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1

command

play
verb com·mand \kə-ˈmand\

Simple Definition of command

  • : to give (someone) an order : to tell (someone) to do something in a forceful and often official way

  • : to have authority and control over (a group of people, such as soldiers)

  • : to deserve or be able to get or receive (something)

Full Definition of command

  1. transitive verb
  2. 1 :  to direct authoritatively :  order

  3. 2 :  to exercise a dominating influence over :  have command of: as a :  to have at one's immediate disposal <commands many resources> b :  to demand or receive as one's due <commands a high fee> c :  to overlook or dominate from or as if from a strategic position <a hill that commands the city> d :  to have military command of as senior officer <command a regiment>

  4. 3 obsolete :  to order or request to be given

  5. intransitive verb
  6. 1 :  to have or exercise direct authority :  govern

  7. 2 :  to give orders

  8. 3 :  to be commander

  9. 4 :  to dominate as if from an elevated place

com·mand·able play \-ˈman-də-bəl\ adjective

Examples of command

  1. She commanded us to leave.

  2. Military leaders commanded the troops to open fire.

  3. She commanded that work on the bridge cease immediately.

  4. We had no choice but to do as they commanded.

  5. He commands a platoon of 60.

  6. With his skills and experience, he can command a high salary.

  7. The company commands much power and influence in the business world.



Origin of command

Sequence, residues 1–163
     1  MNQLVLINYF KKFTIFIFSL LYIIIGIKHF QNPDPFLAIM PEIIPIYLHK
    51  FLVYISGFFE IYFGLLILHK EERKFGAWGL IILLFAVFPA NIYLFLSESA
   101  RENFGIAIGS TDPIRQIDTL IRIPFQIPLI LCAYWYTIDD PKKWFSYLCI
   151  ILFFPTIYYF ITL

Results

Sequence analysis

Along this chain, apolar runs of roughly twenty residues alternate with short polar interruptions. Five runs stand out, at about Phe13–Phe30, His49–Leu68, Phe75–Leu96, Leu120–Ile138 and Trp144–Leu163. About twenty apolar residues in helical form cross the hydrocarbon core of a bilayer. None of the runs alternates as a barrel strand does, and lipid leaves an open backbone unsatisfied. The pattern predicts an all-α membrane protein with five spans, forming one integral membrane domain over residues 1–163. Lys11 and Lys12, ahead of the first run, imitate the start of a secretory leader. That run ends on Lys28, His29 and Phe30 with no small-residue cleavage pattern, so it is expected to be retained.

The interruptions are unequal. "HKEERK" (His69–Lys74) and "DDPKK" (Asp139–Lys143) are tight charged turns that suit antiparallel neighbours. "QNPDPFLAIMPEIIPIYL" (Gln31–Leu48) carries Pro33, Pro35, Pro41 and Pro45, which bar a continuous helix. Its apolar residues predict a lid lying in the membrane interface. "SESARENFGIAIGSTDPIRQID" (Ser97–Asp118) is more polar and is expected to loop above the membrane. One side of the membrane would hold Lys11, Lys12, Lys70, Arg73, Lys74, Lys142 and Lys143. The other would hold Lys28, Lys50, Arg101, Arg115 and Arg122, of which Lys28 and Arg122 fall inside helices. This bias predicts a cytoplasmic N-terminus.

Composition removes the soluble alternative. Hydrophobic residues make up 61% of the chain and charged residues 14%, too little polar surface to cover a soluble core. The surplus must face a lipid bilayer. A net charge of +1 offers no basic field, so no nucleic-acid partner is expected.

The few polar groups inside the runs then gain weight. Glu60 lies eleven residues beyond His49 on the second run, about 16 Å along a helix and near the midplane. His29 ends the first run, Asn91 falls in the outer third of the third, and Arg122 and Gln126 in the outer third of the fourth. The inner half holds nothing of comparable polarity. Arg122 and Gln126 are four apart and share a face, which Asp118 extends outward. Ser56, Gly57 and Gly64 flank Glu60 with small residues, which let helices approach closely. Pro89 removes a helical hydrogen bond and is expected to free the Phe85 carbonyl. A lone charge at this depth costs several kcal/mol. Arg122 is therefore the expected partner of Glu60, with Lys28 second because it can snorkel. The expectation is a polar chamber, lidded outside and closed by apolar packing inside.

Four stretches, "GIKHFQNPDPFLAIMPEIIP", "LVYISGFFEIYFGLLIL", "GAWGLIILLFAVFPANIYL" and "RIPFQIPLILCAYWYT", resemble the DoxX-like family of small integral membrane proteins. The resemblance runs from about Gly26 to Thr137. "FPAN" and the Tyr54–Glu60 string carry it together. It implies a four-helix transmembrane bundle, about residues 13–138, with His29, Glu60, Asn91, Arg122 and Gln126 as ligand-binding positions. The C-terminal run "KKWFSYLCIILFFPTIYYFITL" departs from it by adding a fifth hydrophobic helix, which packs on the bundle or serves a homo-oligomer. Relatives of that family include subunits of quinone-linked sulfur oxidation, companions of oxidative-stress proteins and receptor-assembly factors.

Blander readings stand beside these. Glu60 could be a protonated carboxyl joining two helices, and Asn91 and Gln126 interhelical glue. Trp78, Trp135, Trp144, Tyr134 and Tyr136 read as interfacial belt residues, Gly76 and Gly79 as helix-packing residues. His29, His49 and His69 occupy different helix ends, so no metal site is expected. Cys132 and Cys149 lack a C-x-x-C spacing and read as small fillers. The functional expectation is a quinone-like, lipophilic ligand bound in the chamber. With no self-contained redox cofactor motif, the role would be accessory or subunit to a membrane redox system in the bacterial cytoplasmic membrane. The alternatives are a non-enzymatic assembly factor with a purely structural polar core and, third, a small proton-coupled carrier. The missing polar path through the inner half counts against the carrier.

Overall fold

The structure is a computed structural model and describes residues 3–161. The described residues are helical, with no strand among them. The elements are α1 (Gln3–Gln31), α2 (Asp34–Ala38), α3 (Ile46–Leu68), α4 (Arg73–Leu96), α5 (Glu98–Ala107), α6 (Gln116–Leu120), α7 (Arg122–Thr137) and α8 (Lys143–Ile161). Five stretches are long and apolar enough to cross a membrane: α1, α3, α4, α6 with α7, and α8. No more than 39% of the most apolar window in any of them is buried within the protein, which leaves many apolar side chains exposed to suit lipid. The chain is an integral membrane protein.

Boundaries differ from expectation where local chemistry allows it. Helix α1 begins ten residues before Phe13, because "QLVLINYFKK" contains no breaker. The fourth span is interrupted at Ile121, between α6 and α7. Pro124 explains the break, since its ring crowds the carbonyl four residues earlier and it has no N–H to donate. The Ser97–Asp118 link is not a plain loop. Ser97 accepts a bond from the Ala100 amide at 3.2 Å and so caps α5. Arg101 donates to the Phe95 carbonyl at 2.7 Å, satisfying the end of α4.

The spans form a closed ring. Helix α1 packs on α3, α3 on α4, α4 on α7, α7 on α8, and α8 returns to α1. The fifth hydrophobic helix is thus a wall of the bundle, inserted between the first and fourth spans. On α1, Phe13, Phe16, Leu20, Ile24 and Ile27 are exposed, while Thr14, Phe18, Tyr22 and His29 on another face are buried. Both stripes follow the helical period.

Middle English comanden, from Anglo-French cumander, from Vulgar Latin *commandare, alteration of Latin commendare to commit to one's charge — more at commend


First Known Use: 14th century

Synonym Discussion of command

command, order, bid, enjoin, direct, instruct, charge mean to issue orders. command and order imply authority and usually some degree of formality and impersonality. command stresses official exercise of authority <a general commanding troops>. order may suggest peremptory or arbitrary exercise <ordered his employees about like slaves>. bid suggests giving orders peremptorily (as to children or servants) <she bade him be seated>. enjoin implies giving an order or direction authoritatively and urgently and often with admonition or solicitude <a sign enjoining patrons to be quiet>. direct and instruct both connote expectation of obedience and usually concern specific points of procedure or method, instruct sometimes implying greater explicitness or formality <directed her assistant to hold all calls> <the judge instructed the jury to ignore the remark>. charge adds to enjoin an implication of imposing as a duty or responsibility <charged by the President with a secret mission>.

2

command

noun com·mand

Simple Definition of command

  • : an order given to a person or animal to do something

  • : an instruction in the form of a code or signal that tells a computer to do something

  • : the power that someone (such as a military officer) has to give orders and to control a group of people

Full Definition of command